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Chapter 12 Solutions Copyright © 2008 by Pearson Education, Inc. Publishing as Benjamin Cummings.

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Presentation on theme: "Chapter 12 Solutions Copyright © 2008 by Pearson Education, Inc. Publishing as Benjamin Cummings."— Presentation transcript:

1 Chapter 12 Solutions Copyright © 2008 by Pearson Education, Inc. Publishing as Benjamin Cummings

2 Chapter 12 Slide 2 of 39 Solute and Solvent Solutions Are homogeneous mixtures of two or more substances. Consist of a solvent and one or more solutes. Copyright © 2008 by Pearson Education, Inc. Publishing as Benjamin Cummings

3 Chapter 12 Slide 3 of 39 Solutes Spread evenly throughout the solution. Cannot be separated by filtration. Can be separated by evaporation. Are not visible, but can give a color to the solution. Nature of Solutes in Solutions Copyright © 2008 by Pearson Education, Inc. Publishing as Benjamin Cummings

4 Chapter 12 Slide 4 of 39 Examples of Solutions The solute and solvent can be a solid, liquid, and/or a gas. Table 12.3 Copyright © 2008 by Pearson Education, Inc. Publishing as Benjamin Cummings

5 Chapter 12 Slide 5 of 39 Water Is the most common solvent. Is a polar molecule. Forms hydrogen bonds between the hydrogen atom in one molecule and the oxygen atom in a different water molecule. Copyright © 2008 by Pearson Education, Inc. Publishing as Benjamin Cummings

6 Chapter 12 Slide 6 of 39 Formation of a Solution Na + and Cl - ions On the surface of a NaCl crystal are attracted to polar water molecules. In solution are hydrated as several H 2 O molecules surround each. Copyright © 2008 by Pearson Education, Inc. Publishing as Benjamin Cummings

7 Chapter 12 Slide 7 of 39 When NaCl(s) dissolves in water, the process can be written as: H 2 O NaCl(s) Na + (aq) + Cl - (aq) solid separation of ions The Na + ions are attracted to the oxygen atom (  - ) of water. The Cl - ions are attracted to the hydrogen atom (  + ) of water. Equations for Solution Formation

8 Chapter 12 Slide 8 of 39 Two substances form a solution When there is an attraction between the particles of the solute and solvent. When a polar solvent such as water dissolves polar solutes such as sugar and ionic solutes such as NaCl. When a nonpolar solvent such as hexane (C 6 H 14 ) dissolves nonpolar solutes such as oil or grease. Like Dissolves Like

9 Chapter 12 Slide 9 of 39 Water and a Polar Solute Copyright © 2008 by Pearson Education, Inc. Publishing as Benjamin Cummings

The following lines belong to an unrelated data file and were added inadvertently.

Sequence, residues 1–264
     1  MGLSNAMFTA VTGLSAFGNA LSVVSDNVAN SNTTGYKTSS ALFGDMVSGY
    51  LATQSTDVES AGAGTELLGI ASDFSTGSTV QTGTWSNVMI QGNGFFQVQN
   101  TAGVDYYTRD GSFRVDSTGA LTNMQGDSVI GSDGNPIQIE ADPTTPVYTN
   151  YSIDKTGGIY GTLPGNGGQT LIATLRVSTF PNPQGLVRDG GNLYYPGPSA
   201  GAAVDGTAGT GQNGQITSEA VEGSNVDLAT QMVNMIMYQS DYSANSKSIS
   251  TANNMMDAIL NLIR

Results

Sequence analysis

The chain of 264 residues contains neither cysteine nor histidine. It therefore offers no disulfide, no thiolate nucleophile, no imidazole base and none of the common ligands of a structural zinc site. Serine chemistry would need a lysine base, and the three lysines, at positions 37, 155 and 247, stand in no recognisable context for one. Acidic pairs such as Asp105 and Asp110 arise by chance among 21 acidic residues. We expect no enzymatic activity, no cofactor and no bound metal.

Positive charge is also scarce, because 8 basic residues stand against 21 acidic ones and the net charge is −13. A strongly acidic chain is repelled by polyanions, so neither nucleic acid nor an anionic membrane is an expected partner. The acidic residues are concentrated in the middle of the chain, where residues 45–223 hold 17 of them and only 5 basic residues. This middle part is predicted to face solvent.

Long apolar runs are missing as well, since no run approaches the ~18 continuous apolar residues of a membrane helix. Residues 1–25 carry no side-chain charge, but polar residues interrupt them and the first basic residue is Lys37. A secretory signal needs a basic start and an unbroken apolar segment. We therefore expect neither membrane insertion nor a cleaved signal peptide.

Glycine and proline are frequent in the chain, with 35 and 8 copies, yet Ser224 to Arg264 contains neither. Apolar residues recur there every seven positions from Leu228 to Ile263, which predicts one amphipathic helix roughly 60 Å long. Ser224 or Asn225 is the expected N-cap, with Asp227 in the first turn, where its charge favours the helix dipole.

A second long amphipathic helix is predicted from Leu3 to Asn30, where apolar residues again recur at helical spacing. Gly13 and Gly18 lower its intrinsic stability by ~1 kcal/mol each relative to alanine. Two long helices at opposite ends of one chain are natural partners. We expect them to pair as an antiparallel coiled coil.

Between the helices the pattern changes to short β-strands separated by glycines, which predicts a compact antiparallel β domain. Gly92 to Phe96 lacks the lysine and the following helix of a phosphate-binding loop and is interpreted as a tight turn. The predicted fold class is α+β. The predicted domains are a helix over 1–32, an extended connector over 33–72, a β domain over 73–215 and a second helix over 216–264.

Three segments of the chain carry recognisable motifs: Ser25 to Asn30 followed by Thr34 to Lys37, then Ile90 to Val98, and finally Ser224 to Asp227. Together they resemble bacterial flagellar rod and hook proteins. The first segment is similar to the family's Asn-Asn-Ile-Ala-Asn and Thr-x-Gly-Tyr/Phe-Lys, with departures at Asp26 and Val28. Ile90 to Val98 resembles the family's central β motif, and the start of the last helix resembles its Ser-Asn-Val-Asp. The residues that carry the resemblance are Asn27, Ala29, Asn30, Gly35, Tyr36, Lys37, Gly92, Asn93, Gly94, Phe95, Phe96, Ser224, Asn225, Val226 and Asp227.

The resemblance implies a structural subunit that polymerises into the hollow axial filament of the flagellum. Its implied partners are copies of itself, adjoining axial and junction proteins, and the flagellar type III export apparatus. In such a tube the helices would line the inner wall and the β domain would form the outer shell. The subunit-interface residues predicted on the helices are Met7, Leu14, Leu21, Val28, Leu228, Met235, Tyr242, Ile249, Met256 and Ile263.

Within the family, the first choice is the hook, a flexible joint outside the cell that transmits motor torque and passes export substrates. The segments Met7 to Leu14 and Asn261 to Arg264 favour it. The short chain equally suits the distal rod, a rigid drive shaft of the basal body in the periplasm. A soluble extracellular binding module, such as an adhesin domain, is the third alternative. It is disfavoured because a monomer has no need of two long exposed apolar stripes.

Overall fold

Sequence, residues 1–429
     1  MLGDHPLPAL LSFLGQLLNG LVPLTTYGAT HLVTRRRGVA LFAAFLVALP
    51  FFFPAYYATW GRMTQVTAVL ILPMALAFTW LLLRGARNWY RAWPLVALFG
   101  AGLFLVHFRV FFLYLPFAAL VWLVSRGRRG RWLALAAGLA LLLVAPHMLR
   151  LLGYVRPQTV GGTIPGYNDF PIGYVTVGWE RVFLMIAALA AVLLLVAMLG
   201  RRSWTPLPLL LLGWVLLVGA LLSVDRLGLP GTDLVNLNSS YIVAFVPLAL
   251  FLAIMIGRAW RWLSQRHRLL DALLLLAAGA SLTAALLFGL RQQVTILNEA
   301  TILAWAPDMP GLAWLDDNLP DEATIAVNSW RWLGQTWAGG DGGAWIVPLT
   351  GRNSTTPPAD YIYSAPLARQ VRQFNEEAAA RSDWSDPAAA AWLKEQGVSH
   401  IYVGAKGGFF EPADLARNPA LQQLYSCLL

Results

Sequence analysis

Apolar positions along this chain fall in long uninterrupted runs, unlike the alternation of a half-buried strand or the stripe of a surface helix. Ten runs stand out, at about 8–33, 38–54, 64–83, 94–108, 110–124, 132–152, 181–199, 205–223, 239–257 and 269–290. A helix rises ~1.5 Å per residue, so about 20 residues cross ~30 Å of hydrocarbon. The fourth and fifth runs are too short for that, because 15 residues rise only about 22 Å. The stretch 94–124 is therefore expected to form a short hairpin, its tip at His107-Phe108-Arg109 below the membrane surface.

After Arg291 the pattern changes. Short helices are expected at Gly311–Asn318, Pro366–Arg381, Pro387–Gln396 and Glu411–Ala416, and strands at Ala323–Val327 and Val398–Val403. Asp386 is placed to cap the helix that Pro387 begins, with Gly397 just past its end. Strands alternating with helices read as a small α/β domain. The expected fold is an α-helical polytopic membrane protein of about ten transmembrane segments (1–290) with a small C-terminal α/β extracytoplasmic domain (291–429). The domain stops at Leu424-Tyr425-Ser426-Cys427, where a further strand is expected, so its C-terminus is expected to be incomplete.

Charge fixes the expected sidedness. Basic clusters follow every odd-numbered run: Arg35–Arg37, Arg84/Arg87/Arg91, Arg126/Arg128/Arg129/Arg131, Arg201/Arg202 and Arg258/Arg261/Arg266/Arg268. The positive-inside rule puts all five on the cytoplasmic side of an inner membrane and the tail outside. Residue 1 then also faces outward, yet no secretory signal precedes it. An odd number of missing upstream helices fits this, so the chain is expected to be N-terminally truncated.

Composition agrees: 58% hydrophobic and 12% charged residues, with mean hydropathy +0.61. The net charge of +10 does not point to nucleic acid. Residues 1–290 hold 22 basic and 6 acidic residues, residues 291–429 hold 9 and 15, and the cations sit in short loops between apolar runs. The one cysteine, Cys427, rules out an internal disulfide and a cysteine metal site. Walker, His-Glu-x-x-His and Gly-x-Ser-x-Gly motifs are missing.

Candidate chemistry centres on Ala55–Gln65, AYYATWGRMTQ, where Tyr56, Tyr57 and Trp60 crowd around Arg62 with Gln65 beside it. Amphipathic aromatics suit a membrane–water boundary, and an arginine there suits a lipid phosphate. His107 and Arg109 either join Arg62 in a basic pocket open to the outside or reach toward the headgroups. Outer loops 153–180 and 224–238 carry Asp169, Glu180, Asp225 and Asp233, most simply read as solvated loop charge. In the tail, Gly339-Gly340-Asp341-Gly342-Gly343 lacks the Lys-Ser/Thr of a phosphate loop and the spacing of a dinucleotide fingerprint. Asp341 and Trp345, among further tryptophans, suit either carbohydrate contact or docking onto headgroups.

10 Chapter 12 Slide 10 of 39 Like Dissolves Like Solvents Solutes Water (polar) Ni(NO 3 ) 2 CH 2 Cl 2 (nonpolar) (polar) I 2 (nonpolar) Copyright © 2008 by Pearson Education, Inc. Publishing as Benjamin Cummings

11 Chapter 12 Slide 11 of 39 Electrolytes and Nonelectrolytes Chapter 12 Solutions Copyright © 2008 by Pearson Education, Inc. Publishing as Benjamin Cummings

12 Chapter 12 Slide 12 of 39 In water, Strong electrolytes produce ions and conduct an electric current. Weak electrolytes produce a few ions. Nonelectrolytes do not produce ions. Solutes and Ionic Charge Copyright © 2008 by Pearson Education, Inc. Publishing as Benjamin Cummings

13 Chapter 12 Slide 13 of 39 Strong electrolytes Dissociate in water producing positive and negative ions. Conduct an electric current in water. In equations show the formation of ions in aqueous (aq) solutions. H 2 O 100% ions NaCl(s) Na + (aq) + Cl − (aq) H 2 O CaBr 2 (s) Ca 2+ (aq) + 2Br − (aq) Strong Electrolytes

14 Chapter 12 Slide 14 of 39 A weak electrolyte Dissociates only slightly in water. In water forms a solution of only a few ions and mostly undissociated molecules. HF(g) + H 2 O(l) H 3 O + (aq) + F - (aq) NH 3 (g) + H 2 O(l) NH 4 + (aq) + OH - (aq) Note: Unequal lengths of the arrows Weak Electrolytes

15 Chapter 12 Slide 15 of 39 Nonelectrolytes Dissolve as molecules in water. Do not produce ions in water. Do not conduct an electric current. Copyright © 2008 by Pearson Education, Inc. Publishing as Benjamin Cummings

16 Chapter 12 Slide 16 of 39 Chapter 12 Solutions Solubility Copyright © 2008 by Pearson Education, Inc. Publishing as Benjamin Cummings

17 Chapter 12 Slide 17 of 39 Solubility Is the maximum amount of solute that dissolves in a specific amount of solvent. Can be expressed as grams of solute in 100 grams of solvent, usually water. g of solute 100 g water Solubility

18 Chapter 12 Slide 18 of 39 Effect of Temperature on Solubility Solubility Depends on temperature. Of most solids increases as temperature increases. Of gases decreases as temperature increases. Copyright © 2008 by Pearson Education, Inc. Publishing as Benjamin Cummings